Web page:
Any book written in the 1860s must surely have aged a lot since its publication, and in its style and focus The Seven Weeks’ War: The Austro-Prussian Conflict of 1866, written by H.M. Hozier in the 1860s, belongs to a different age. But it has aged remarkably well, and despite the passage of multiple centuries still is a very readable, enjoyable, well written account of the diplomacy, campaigns, and battles leading up to and during the Austro-Prussian War of 1866, one which has acquired a charming elegance with the steady march of time instead of the unsettling discomfort which many an older text dealing with military matters might carry. Although with some biases, it serves as a source written very close to the time of the events that helps to give them a feeling of immediacy, and which shows what the conceptions and focuses of the time were.
The author of the book, a British writer, H.M. Hozier, writes the book from the Prussian perspective for the most part, and his tone of admiration or the Prussians is incredibly strong throughout the book: this being said, his appreciation for the Prussians doesn’t merge into contempt for the Austrians, and he is consistently generous in his compliments towards the Austrians for their bravery, fighting spirit, and steadfastness. It makes it clear that the Austrians lost not due to any deficits of soldiery, as can be shown by scene after scene of incredibly fierce battles where the Austrians fought with great courage against Prussian forces, in pitched, close-range fighting, and their loss came about due to inferiority of weaponry with their muzzle loading rifles, and more aggressive Prussian operational art and more skilled maneuvering.
The needle gun is one of the best examples of showing how the war itself was perceived: French responses to the war were most concerned by the needle gun and its capability to put down a hail of fire during the advance: they failed to grasp many other elements of the Prussian system, only seriously evolving their own forces around the point of the Prussian needle gun. While a secondary source, The Seven Weeks War in many regards functions as a primary source in showing the concerns of period writers. It also provides for an examination of the Austrian mentality in defeat, where they thought that with their own needle rifles they could stand up against the Prussians. While logistics is certainly not ignored, as shown by attention paid to Prussian communications, and the fight for taking Prague to provide for using the railroads, they lack the quantitative analysis of later books, and artillery doesn’t receive sufficient focus, although perhaps this is due to its seeming relatively lack of effect, with it rarely playing a decisive role throughout the battle.
Battles illustrate this point to great effect: the best element of the book is its description of tactical battles. It has good operational overlook, but at the tactical level its descriptions of battles are very well done, giving a good feeling of what happened: the desperate close range fighting in small villages, the wall of Prussian needle gun fire that beat down Austrian resistance at close range, the heavy crash of cavalry that gave victory to the heavy and the big as they smashed over their weaker foes, the spitting musket balls in forests as soldiers tried to hide behind the trees and shoot down at their enemy. The conflict really does feel like it comes to life, in a way that doesn’t seek to deny the pain and the suffering of it, with the fields of injured or dead men and the tragedy of a war.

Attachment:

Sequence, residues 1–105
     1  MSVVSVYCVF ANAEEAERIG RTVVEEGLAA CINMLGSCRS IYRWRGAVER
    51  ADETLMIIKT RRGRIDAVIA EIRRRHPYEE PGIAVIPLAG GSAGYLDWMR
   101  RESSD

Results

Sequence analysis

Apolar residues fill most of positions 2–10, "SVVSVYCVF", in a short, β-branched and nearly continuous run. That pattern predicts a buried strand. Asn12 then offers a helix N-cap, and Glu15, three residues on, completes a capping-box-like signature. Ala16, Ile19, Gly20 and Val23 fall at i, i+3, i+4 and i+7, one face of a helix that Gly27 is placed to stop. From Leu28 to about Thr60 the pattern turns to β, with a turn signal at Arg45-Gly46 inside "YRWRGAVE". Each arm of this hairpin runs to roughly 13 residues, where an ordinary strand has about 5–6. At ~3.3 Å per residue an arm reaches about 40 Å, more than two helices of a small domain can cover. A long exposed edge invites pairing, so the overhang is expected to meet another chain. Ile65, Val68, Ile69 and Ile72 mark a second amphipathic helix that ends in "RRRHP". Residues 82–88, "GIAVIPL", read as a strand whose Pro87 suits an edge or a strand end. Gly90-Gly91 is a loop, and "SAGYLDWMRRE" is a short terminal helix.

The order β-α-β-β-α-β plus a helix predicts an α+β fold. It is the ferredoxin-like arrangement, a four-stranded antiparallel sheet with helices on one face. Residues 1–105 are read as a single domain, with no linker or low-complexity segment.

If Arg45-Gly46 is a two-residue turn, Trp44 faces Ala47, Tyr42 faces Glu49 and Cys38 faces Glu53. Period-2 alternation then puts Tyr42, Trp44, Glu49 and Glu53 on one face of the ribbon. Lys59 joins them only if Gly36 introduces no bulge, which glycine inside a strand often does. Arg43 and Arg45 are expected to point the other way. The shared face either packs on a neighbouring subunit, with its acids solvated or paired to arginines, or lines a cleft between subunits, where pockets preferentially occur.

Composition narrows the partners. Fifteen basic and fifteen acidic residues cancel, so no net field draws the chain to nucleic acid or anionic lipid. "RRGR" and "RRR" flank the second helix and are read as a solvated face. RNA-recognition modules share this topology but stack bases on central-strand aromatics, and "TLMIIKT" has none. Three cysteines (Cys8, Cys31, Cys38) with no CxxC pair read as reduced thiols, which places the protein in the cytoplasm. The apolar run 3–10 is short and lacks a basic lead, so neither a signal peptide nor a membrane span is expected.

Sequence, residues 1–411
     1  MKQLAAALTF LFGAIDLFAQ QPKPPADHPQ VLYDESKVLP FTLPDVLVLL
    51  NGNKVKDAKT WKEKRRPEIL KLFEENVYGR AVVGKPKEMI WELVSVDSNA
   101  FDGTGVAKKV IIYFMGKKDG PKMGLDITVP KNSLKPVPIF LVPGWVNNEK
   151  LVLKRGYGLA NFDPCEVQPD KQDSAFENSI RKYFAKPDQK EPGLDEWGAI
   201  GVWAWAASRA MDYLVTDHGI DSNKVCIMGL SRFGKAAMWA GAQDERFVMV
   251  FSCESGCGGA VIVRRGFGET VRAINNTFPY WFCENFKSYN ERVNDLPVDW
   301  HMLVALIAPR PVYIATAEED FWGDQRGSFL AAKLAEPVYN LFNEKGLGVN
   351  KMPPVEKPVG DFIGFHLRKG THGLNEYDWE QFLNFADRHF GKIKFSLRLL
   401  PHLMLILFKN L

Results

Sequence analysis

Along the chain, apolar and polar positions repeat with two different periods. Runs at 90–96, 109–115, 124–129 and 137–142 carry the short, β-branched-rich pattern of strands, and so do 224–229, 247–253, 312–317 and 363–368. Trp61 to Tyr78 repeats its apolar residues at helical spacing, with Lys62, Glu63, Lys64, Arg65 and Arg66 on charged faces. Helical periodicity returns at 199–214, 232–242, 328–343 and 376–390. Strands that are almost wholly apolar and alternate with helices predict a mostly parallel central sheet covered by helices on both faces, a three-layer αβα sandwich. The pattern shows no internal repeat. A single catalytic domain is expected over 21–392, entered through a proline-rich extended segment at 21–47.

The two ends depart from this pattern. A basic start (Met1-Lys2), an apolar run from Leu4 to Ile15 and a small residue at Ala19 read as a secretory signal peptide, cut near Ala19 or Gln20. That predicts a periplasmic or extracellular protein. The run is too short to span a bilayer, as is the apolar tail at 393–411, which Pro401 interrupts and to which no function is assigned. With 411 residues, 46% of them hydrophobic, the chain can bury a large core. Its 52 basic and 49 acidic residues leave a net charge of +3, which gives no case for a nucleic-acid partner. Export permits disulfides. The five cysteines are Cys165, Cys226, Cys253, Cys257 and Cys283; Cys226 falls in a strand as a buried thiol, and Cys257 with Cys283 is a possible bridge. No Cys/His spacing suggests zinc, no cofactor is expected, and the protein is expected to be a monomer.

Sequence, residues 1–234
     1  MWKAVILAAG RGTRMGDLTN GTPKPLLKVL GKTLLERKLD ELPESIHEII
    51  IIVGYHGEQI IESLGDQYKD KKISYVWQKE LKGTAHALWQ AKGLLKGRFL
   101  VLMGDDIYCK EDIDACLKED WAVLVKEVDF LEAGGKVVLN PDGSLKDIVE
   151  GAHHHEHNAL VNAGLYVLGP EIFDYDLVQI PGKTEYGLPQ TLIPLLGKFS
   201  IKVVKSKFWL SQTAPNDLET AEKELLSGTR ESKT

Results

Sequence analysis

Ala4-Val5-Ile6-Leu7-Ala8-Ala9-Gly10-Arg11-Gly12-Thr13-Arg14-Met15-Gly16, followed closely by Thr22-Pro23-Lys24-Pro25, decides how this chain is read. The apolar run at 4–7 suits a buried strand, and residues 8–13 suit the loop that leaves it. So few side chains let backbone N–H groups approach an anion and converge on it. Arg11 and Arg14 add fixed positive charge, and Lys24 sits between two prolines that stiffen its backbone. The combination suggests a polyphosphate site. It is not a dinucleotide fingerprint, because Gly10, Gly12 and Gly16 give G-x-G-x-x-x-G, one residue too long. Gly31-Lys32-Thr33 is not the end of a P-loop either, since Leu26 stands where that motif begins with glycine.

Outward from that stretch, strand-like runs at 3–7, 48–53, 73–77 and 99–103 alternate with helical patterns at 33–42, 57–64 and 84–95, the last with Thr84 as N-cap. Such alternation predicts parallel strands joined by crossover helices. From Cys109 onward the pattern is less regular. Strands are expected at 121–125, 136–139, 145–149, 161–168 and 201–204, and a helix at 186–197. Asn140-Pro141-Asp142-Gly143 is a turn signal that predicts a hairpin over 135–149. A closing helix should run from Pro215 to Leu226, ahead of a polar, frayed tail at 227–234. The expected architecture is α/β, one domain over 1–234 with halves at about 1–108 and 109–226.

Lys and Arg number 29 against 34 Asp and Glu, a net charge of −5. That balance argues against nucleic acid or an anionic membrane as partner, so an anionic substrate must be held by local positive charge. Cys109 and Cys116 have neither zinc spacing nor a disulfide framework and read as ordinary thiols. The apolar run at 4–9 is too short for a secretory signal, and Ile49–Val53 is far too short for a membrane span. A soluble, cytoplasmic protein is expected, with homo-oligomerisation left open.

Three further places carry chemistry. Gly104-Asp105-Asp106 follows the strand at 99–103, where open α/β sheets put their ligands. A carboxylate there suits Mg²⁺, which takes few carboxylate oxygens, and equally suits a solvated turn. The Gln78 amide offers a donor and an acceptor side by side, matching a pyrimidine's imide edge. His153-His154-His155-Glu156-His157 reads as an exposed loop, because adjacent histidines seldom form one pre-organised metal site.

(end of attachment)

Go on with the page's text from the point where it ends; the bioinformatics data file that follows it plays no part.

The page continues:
This being said, at times it feels rather artificial, talking about changes of emotion which perfectly suit the moment of the campaign, such as the feeling of reconciliation which suddenly overcame the Prussians at the time of the armistice – it seems to be a world, where other than the occasional lack of patriotism of the Bohemian civil population and their indifference to the Austrian soldiery, there is hardly an evil thought which could so much as enter the mind of man. This seems like, even in a rather civil and well conducted war, without great passions of hatred, a great exaggeration: there must have been some period when some element of negativity and passions other than simple patriotism and devotion to duty entered into the equation. Similarly, perhaps entirely understandable for a British-authored book in the 1860s, it entirely omits any discussion of sex or fraternizing between the Prussians and the women of occupied Austria, which almost inevitably happened in the context of large numbers of men on foreign territory, particularly amongst, as seems to have been the case, a rather friendly civilian population. It doesn’t hide the death and suffering of war, but it ultimately belongs to the pre-1914 mindset which could glamorize and heroize war.
Its rewriting to add on additional material, performed sometime 1871, also makes it rather teleological: the Austro-Prussian war inevitably leads to the Franco-Prussian War, and it shows how in historical mindset, the Austro-Prussian war is greatly overshadowed by the Franco-Prussian conflict: even in a book entirely devoted to the Austro-Prussian War, the Brothers War, it still has as its ultimate denouement the war against France.
Despite some of these shortcomings, and although necessary to read with other books that provide for additional context and operational perspectives of the war, The Seven Years War is a great accompaniment and overview of the war, combining a decent diplomatic perspective of the beginning of the conflict, a good overview of the armies involved, an excellent look at the fighting, and which provides for a feeling of what the focus and attention was of commentators looking at the war in the time. A surprisingly good and well done book.